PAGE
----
Bahar et al. (Cornea 2008;27(2):209-11) in their study noted that FS laser-assisted top-hat wound configuration for PK was found to be the most mechanically stable compared with the traditional method and mushroom, zig-zag, and Christmas tree configurations.
Sutureless anterior lamellar keratoplasty
Yoo et al. (Ophthalmology 2008;115(8):1303-7) reported the technique of FS laser-assisted sutureless anterior lamellar keratoplasty for anterior corneal pathology with good results.
Buzzonetti et al. (J Refract Surg. 2010;10:1-6) reported that a combination of FS laser lamellar dissection with the big-bubble technique can improve the standardization of DALK.
Chan et al. (Cornea 2010;29(3):290-5) reported that the use of the FS laser to perform corneal cuts in a mushroom configuration for DALK is feasible. The mechanical stability and wound healing advantages for stepped corneal wounds should be considered in lamellar surgery.
Farid et al. (J Cataract Refract Surg. 2009;35(5):809-13) described a variation of big-bubble DALK technique using the FS laser zig-zag incision. This technique allowed precise depth visualization for air-needle placement in the posterior stroma based on the lamellar and posterior laser cuts, thus minimizing the risk for perforation of DM. The matching donor and host tissue zig-zag cut allows more precise tissue apposition and greater surface area for healing.
Cheng et al. (Transplantation 2009;88(11):1294-302) reported that FS laser-assisted endothelial keratoplasty (FLEK) effectively reduces postoperative astigmatism. However, VA is lower as compared with conventional PK, and there is a high level of endothelial cell loss.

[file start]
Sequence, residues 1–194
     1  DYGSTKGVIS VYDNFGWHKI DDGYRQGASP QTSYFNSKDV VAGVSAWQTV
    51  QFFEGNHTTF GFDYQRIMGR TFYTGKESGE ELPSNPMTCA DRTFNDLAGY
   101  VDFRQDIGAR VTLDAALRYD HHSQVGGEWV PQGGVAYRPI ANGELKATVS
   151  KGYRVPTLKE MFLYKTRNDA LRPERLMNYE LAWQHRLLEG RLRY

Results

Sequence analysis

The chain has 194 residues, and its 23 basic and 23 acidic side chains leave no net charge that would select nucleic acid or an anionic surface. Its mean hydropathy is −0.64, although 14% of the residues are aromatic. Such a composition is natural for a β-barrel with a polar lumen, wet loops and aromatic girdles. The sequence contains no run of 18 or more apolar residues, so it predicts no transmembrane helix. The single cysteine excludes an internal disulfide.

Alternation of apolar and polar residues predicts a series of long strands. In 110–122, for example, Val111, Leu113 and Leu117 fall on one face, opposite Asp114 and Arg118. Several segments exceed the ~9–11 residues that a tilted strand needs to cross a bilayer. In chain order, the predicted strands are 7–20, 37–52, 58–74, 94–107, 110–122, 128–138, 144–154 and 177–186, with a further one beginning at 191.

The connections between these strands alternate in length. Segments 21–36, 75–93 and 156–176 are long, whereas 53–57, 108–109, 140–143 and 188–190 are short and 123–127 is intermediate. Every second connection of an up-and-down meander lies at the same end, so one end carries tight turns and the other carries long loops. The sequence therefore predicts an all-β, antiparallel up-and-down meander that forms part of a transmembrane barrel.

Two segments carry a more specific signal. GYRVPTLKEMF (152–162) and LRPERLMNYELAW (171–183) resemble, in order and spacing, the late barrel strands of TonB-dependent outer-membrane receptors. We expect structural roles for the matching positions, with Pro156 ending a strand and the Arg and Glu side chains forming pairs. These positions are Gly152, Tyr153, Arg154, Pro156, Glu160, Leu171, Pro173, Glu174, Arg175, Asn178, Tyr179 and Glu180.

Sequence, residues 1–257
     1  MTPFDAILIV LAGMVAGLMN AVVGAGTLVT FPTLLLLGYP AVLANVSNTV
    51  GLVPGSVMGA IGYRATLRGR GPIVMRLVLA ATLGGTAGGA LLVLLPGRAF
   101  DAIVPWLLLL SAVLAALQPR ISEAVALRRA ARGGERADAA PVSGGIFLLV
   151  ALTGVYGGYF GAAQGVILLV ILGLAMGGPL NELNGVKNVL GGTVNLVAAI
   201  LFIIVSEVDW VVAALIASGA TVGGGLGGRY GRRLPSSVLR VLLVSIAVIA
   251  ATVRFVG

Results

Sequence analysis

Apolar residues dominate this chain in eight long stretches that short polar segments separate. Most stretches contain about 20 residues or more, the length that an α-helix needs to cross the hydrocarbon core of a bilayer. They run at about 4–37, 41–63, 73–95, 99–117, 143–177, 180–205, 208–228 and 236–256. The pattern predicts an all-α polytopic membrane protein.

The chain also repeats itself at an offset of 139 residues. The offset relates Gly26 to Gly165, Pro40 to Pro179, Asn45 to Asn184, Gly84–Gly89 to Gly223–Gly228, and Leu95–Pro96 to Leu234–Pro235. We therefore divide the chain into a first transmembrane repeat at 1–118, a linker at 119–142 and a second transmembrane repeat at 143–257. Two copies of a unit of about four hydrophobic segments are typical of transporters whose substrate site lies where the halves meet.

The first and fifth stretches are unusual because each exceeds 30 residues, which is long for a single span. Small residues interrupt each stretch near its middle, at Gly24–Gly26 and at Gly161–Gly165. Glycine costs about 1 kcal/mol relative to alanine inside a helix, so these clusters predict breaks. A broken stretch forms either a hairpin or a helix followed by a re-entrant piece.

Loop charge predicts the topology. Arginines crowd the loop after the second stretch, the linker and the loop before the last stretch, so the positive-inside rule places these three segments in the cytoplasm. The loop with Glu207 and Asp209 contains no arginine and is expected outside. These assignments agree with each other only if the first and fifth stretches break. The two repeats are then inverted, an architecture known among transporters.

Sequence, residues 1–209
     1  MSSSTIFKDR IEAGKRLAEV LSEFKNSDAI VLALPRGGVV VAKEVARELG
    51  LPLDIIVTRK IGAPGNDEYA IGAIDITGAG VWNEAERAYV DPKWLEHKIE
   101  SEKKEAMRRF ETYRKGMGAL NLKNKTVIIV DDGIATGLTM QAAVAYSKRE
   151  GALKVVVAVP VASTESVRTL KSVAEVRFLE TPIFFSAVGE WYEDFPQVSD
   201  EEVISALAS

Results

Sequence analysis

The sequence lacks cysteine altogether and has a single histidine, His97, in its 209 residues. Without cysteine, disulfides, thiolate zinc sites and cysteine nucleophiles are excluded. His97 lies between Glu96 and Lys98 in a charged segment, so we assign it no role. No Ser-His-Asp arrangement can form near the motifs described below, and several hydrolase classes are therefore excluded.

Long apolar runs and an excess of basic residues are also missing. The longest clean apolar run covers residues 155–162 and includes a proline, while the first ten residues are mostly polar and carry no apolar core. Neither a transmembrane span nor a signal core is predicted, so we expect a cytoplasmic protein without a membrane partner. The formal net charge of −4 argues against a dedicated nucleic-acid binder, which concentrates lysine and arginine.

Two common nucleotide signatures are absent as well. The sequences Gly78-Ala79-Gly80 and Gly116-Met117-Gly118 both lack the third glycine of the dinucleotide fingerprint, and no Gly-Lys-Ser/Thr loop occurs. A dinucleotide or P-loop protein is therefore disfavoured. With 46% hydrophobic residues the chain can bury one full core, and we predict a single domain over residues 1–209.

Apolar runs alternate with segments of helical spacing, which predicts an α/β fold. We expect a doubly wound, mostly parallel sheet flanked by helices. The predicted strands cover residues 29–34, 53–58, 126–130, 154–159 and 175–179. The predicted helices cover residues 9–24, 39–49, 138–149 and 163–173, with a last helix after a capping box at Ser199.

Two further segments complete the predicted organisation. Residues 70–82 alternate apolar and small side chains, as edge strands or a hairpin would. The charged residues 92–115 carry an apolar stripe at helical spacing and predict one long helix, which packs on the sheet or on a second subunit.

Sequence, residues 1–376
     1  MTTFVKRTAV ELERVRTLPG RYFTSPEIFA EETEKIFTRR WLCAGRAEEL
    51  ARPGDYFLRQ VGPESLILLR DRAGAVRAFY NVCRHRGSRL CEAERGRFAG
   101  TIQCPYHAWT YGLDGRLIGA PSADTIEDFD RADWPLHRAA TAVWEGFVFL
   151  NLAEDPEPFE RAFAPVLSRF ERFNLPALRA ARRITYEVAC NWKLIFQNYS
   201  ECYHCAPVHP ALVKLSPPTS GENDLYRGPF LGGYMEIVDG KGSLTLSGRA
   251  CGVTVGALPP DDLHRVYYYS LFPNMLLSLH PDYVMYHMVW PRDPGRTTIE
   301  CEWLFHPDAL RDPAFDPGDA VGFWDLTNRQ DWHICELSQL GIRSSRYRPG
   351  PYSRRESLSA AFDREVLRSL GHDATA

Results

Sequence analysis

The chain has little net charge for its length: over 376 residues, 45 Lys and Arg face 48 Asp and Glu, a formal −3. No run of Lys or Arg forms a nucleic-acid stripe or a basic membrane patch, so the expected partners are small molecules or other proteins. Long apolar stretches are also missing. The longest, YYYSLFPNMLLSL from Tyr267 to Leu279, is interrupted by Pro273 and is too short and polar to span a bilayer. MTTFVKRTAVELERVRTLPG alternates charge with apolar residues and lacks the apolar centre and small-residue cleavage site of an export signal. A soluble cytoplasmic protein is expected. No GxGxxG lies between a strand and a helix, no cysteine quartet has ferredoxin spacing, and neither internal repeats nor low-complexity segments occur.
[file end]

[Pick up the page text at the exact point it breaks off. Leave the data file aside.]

Mehta et al. (J Cataract Refract Surg. 2008;34(11):1970-5) evaluated the accuracy of the thickness and diameter of corneal disks obtained with FS laser for DSEK. The mean deviation from the attempted thickness was 15 ± 14 μ. The FS laser produced posterior stromal ablations that were accurate in depth of ablation and circularity.
Kumar et al. (Ophthalmology 2010;117(6):1228-35) determined the refractive predictability, stability, efficacy, and complication rate of FS laser-enabled astigmatic keratomy (AK) for post-keratoplasty astigmatism. The UCVA and BCVA improved significantly and the value of absolute astigmatism reduced from 7.46 ± 2.70 D to 4.77 ± 3.29 D postoperatively (P = 0.0001).
Fibrin Glue in Corneal Surgery
Sutureless full-thickness patch graft
Gupta et al. (Cornea 2010 May 26) described an innovative technique to seal large paracentral corneal melts with a full-thickness patch graft punched using a dermatological trephine and secured with the fibrin-aprotinin biological tissue adhesive, supplanting the need for sutures. Successful tectonic support with postoperative BCVA of 6/24 was achieved in both cases.
Bahar et al. (Cornea 2007;26(10):1235-8) observed that the use of fibrin glue in TH-PK was found to be more mechanically stable than traditional sutures.
Duarte et al. (Cornea. 2007;26(9):1127-8) reported a case where fibrin glue was applied with a modified approach to secure the graft to the host bed in lamellar keratoplasty.
Deep anterior lamellar keratoplasty
Narendran et al. (Cont Lens Anterior Eye. 2007;30(3):207-9) described a case where DALK was performed successfully using overlay sutures and fibrin glue alone, without the need to directly suture the corneal button and then a bandage contact lens was inserted.
Lamellar keratoplasty and sclera patch adhesion
Kaufman et al. (Ophthalmology 2003;110(11):2168-72) opined that fibrin adhesive provided satisfactory attachment without sutures for lamellar keratoplasty and amniotic patching.
Jacob et al. (Eye Contact Lens. 2010;36(2):130-6) reported a technique using a new biosynthetic graft to treat diffuse anterior staphyloma and cataractous lens with compromised zonules. At 6 months, the outcome was anatomically and cosmetically satisfactory.